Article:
Senator MILLEN - I do not suggest that the Minister himself has been subjected to influences, but I do say that those who made the reports to him may have been; and I ask the Minister for a reasonable explanation as to why this particular officer, who is highly qualified for a position and has every claim to it, should not get it?


Senator Pearce - The reason is that when it was proposed to appoint the officer to whom Senator Millen refers, the other officer put in his claim, and raised the question of whether we could legally appoint the other officer, because he had not passed his examination in conformity with the Act. Immediately I received that objection, I referred it to the Crown Solicitor, and he said that the point was correct. I should -have appointed the officer, as othershave been appointed, except for* that opinion.


Senator MILLEN - The Minister can legalize the appointment now. If, to get over the difficulty, he will make the appointment at once, he will place this office! in the same position as others who are already in positions obtained in exactly the same way.


Senator Pearce - Does not the honorable senator see the difficulty ? In the other cases I believed that I was acting within the law. Now I see that I was acting outside the law.


Senator MILLEN - I put this position' - that in view of the circumstances theofficer to whom I am referring is as much entitled to his promotion as were other officers who had precisely the same qualifications and whose promotion is now being validated. If it is a fair and right thing, why should not this Bill take the legal power which is necessary to extend a measure of justice to that officer?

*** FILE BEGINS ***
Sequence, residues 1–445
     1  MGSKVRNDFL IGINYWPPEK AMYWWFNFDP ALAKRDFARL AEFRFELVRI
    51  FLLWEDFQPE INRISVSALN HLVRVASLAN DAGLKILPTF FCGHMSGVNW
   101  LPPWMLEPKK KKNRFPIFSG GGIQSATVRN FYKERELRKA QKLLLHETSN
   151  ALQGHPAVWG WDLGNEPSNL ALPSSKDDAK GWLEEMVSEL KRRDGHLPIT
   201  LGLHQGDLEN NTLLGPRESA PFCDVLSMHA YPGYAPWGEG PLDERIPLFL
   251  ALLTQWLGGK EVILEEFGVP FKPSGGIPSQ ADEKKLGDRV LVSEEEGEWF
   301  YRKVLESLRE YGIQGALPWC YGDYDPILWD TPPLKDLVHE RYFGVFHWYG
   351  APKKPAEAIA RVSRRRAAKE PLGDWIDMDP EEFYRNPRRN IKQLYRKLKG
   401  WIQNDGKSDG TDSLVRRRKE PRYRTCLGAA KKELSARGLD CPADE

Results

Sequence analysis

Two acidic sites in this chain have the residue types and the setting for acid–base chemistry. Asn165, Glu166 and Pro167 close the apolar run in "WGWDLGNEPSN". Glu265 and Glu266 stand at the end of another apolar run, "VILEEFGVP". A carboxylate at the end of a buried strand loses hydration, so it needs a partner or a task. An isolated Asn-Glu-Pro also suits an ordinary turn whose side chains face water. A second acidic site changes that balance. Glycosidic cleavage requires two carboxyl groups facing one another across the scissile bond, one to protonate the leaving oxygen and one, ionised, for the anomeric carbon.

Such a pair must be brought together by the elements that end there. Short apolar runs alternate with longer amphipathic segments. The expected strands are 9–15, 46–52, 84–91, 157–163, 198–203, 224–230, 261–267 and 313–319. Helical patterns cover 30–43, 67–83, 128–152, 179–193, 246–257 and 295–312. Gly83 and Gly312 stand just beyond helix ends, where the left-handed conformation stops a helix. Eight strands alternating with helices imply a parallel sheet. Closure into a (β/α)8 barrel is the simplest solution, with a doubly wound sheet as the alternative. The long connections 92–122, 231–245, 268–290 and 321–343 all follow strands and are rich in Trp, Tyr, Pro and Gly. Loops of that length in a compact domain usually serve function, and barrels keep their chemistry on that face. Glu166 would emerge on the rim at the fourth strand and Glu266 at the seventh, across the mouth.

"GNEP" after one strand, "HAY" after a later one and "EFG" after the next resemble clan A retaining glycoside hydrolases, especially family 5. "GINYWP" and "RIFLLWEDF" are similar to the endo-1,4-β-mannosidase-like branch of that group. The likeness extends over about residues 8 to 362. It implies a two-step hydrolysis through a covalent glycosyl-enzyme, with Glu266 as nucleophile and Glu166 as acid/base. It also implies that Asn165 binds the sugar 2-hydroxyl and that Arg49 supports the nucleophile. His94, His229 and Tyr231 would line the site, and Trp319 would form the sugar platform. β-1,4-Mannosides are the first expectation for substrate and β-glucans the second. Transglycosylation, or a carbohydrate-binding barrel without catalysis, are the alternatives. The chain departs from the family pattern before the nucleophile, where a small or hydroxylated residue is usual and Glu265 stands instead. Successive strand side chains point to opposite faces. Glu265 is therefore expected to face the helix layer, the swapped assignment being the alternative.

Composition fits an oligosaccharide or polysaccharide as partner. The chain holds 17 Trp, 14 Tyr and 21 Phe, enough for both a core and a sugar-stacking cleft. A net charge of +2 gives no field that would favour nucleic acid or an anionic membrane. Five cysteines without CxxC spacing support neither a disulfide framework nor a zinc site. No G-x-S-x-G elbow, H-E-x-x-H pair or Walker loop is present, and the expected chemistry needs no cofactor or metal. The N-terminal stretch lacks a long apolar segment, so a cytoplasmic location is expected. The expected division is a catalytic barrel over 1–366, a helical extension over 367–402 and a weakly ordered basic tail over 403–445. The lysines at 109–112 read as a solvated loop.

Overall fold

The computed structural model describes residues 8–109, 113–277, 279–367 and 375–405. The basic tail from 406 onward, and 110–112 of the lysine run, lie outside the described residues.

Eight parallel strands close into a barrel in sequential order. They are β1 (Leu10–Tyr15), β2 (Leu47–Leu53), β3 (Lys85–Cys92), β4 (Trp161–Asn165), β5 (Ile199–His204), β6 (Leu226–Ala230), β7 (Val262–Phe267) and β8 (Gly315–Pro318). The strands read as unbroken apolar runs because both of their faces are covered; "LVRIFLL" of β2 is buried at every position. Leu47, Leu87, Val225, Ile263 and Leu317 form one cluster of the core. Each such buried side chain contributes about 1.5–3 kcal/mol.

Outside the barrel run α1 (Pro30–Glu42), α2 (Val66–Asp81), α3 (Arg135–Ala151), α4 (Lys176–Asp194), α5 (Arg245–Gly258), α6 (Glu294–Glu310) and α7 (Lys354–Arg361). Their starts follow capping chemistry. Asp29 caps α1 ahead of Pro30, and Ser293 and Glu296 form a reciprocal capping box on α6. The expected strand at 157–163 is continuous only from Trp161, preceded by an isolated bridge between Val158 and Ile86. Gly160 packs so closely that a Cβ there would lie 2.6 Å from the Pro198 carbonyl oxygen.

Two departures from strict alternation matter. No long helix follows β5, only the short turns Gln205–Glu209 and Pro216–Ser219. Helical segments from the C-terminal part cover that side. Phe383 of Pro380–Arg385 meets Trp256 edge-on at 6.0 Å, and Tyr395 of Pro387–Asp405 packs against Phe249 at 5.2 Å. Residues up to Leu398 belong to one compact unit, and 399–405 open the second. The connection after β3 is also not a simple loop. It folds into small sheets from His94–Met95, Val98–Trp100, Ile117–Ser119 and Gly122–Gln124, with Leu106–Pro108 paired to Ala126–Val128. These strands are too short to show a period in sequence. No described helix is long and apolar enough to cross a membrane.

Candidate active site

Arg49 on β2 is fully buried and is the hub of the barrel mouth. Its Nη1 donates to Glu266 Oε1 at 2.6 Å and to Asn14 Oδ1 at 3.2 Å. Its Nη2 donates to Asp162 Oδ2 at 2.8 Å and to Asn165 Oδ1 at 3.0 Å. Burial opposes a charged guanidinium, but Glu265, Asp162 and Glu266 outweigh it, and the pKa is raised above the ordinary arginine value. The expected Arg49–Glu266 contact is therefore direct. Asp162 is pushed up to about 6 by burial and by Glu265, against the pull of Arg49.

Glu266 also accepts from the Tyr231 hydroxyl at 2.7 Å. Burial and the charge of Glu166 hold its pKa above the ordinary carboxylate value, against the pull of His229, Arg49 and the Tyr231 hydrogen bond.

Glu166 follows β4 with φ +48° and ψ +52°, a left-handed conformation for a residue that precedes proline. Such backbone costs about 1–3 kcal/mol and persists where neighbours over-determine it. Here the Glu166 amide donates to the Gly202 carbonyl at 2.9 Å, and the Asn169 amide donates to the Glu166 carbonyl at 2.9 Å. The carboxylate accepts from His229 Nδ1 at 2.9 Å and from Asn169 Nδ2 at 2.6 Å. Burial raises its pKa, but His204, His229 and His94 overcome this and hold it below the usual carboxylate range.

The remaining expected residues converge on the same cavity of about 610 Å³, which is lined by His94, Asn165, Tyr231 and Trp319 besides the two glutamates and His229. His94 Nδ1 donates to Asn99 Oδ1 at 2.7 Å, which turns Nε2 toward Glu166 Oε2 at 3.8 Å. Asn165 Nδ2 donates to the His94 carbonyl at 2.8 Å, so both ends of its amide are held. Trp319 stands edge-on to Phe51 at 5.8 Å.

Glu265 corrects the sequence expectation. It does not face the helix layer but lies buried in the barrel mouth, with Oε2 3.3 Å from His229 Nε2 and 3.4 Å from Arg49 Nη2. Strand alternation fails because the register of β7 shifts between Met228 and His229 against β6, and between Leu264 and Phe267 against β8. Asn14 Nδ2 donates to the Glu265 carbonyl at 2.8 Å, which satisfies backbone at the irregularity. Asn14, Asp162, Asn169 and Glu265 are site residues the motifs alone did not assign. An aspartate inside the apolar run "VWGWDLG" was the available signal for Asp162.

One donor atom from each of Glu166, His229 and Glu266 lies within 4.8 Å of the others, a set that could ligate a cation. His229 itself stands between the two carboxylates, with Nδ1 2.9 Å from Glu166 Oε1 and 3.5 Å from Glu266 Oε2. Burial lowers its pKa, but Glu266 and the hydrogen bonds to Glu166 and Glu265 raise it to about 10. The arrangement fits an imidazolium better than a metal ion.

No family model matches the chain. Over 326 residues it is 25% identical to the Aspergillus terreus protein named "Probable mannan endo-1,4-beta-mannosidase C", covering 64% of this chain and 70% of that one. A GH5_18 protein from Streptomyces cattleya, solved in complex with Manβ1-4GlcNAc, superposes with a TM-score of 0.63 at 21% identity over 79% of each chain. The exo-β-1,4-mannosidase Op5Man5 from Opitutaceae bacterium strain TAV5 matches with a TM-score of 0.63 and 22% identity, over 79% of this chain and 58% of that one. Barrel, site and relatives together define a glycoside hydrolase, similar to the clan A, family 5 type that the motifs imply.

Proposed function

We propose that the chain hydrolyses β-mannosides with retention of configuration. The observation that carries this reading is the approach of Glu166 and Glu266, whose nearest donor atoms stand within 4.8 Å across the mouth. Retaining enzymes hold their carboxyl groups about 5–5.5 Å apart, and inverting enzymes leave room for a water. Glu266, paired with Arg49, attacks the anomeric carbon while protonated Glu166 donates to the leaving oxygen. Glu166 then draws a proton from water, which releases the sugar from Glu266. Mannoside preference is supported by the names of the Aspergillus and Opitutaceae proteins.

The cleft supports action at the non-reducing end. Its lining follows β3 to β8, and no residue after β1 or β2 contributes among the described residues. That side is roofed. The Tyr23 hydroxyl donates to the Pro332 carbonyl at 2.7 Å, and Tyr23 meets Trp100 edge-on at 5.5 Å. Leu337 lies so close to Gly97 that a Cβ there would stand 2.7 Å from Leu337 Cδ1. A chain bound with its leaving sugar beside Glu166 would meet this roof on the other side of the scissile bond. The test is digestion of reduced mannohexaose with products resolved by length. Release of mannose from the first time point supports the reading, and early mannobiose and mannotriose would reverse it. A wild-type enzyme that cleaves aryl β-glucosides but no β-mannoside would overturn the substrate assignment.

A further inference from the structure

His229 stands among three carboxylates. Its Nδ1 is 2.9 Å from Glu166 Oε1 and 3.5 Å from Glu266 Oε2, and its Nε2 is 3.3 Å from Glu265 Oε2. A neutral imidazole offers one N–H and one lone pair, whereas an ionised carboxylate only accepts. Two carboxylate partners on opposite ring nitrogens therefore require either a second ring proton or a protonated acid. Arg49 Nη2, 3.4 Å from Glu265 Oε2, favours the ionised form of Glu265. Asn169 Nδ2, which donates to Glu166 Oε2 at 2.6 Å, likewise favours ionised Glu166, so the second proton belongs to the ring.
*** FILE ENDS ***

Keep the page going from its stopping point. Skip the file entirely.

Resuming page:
Senator Pearce - I think that the twoof them should be put on an equal footing.


Senator MILLEN - The same opportunity should be extended to other men.


Senator Pearce - So it will.


Senator MILLEN - .Is the Minister going to put the men out of their offices?


Senator Pearce - No; there are three cases.


Senator MILLEN - I am speaking of men who were fortunate enough to get their appointments prior to the discovery of this defect in the law. They ought to be put on an equal footing with the man who qualified a month ago.


Senator Pearce - In many cases there was no competition for the appointments.


Senator MILLEN - I have not the slightest doubt that there are men who will say that if the Minister will treat them in the same way as he is treating this particular officer, and give them a chance to qualify, they will start to do so. All that I ask for is absolute fairness to an officer who has qualified, and who, but for the discovery of a defect in the law, would have received an appointment. Why should he be penalized1 when other officers, who are no more highly qualified than he is, are not interfered with ? Why should this special and tender consideration be shown to an officer who has twice failed to pass the examination ? It is carrying favoritism to one man to such an extent that it represents a gross hardship to the other officer who is concerned.